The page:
“It became very clear this kid seriously knows his stuff—and that’s just not mathematically. He took Greek. He wrote a paper for a class that he submitted to a classics journal on an obscure and poorly understood part of ancient Greek grammar,” McKinney continues. “If you look liberal arts up in a dictionary, you might see a picture of Devin Vanyo.”
Head Tennis Coach Daniel Bickett says Vanyo is a phenomenal athlete and leader on and off the court. His teammates all look up to him.
“It’s more than just his athletic ability,” says Bickett. “When I put together a drill, there’s a certain aspect that we’re working on. Devin is the one person that will constantly focus on that one aspect and get it perfect almost every time. He’s the one I’m able to point to and say, ‘He’s doing a great job. We all need to try and be a little bit more like Devin.’”
Vanyo is a goal-oriented person who’s always had a plan. Coming out of high school, he thought getting through college and then earning a PhD in math “just made the most sense.”
As he continued taking more math classes, conducting more research through summer internships, and meeting more professionals within the mathematics community, he started questioning whether following that career path would bring him the most happiness.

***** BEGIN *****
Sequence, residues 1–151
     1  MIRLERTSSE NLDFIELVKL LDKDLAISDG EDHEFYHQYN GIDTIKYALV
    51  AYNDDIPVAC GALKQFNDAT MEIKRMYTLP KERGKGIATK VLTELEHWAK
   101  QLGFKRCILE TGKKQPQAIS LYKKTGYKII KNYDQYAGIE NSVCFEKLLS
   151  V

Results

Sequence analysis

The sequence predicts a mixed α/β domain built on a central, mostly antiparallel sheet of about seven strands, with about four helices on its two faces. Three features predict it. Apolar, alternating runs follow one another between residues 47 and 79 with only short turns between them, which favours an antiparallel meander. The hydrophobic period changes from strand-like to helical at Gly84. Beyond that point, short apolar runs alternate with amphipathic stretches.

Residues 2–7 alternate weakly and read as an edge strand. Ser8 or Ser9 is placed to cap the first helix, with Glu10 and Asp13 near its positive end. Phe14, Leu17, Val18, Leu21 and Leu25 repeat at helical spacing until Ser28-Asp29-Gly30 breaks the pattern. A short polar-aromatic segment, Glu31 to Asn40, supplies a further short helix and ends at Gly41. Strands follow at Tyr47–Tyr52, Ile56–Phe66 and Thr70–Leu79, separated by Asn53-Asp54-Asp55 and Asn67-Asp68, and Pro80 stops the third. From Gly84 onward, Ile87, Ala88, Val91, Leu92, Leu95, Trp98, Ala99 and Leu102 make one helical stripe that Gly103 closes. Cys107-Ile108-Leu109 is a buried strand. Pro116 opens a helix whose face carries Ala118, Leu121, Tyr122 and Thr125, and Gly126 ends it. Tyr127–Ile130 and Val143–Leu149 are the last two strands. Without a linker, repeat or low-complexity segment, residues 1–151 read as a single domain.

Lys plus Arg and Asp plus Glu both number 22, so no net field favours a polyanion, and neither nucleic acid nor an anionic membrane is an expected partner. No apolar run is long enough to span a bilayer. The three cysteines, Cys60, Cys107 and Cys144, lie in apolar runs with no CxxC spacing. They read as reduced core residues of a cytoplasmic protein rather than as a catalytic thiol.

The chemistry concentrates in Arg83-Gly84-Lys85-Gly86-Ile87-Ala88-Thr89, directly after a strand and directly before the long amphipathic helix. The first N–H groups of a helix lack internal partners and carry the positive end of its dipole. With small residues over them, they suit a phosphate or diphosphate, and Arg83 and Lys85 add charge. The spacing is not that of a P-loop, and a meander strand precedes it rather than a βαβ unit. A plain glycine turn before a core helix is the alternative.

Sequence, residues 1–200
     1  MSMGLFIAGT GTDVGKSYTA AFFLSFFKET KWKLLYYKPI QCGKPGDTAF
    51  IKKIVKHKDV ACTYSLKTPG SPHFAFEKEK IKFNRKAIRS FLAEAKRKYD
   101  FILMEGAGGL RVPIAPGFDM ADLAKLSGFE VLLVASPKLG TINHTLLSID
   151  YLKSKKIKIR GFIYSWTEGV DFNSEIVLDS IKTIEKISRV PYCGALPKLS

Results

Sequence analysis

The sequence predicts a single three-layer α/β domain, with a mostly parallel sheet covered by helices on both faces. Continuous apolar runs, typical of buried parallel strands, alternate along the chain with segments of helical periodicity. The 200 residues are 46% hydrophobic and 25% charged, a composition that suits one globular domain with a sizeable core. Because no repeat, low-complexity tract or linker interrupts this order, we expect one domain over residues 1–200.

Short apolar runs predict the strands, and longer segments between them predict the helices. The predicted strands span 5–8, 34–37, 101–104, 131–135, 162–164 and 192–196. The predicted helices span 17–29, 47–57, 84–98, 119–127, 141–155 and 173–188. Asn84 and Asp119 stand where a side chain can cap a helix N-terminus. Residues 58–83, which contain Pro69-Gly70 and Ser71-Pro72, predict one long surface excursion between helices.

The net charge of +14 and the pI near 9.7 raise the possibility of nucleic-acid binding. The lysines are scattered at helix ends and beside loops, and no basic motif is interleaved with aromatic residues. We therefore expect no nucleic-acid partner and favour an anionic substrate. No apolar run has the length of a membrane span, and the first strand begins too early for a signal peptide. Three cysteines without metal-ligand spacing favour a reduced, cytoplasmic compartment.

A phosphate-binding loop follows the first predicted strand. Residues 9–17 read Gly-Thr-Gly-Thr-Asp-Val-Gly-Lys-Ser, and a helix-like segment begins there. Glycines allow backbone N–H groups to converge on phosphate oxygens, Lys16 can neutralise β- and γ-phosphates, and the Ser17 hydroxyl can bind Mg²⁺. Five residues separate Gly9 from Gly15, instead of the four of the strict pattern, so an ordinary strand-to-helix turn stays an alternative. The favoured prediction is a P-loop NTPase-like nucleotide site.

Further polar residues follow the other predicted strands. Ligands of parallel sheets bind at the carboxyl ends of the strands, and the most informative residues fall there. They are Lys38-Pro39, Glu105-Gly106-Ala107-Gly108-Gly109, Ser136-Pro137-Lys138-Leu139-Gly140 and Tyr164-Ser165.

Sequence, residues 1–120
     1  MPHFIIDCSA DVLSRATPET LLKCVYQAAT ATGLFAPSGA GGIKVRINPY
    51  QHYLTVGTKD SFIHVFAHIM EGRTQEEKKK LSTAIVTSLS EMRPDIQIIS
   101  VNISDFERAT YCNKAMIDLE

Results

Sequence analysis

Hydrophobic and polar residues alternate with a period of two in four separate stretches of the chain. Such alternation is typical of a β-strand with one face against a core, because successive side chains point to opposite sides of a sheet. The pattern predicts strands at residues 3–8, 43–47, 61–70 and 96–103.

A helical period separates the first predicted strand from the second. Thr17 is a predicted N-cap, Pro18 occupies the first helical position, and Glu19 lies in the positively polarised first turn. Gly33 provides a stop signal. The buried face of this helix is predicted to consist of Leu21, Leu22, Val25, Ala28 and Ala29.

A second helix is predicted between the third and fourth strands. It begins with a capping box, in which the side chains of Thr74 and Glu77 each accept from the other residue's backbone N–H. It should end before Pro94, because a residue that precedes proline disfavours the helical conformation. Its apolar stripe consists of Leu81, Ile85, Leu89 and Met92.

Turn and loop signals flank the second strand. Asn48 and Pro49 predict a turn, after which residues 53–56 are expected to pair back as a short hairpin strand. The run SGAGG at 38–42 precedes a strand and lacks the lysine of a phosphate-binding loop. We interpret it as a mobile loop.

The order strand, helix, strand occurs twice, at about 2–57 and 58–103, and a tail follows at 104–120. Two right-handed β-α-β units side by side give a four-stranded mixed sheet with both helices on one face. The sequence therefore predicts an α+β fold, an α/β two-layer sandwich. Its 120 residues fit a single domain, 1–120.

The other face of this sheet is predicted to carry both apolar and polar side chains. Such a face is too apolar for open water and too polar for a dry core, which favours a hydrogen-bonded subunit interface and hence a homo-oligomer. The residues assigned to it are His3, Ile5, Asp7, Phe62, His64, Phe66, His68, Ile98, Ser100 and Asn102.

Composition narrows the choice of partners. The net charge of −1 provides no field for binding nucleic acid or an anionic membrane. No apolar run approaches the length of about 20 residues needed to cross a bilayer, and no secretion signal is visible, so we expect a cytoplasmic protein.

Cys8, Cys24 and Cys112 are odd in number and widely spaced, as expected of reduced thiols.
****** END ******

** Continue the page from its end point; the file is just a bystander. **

“I don’t think I want to be a mathematician,” Vanyo says. “And that uncertainty is really, really scary. When people see me, they see me as a mathematician. That’s always been my thing. And now I’m trying to do something unexpected. Breaking that mold is not easy.”
Vanyo studied abroad last semester in Hungary as a Gilman Scholar. He joined the Budapest Semesters in Mathematics, one of the most prestigious study-abroad programs for undergraduate students in the world.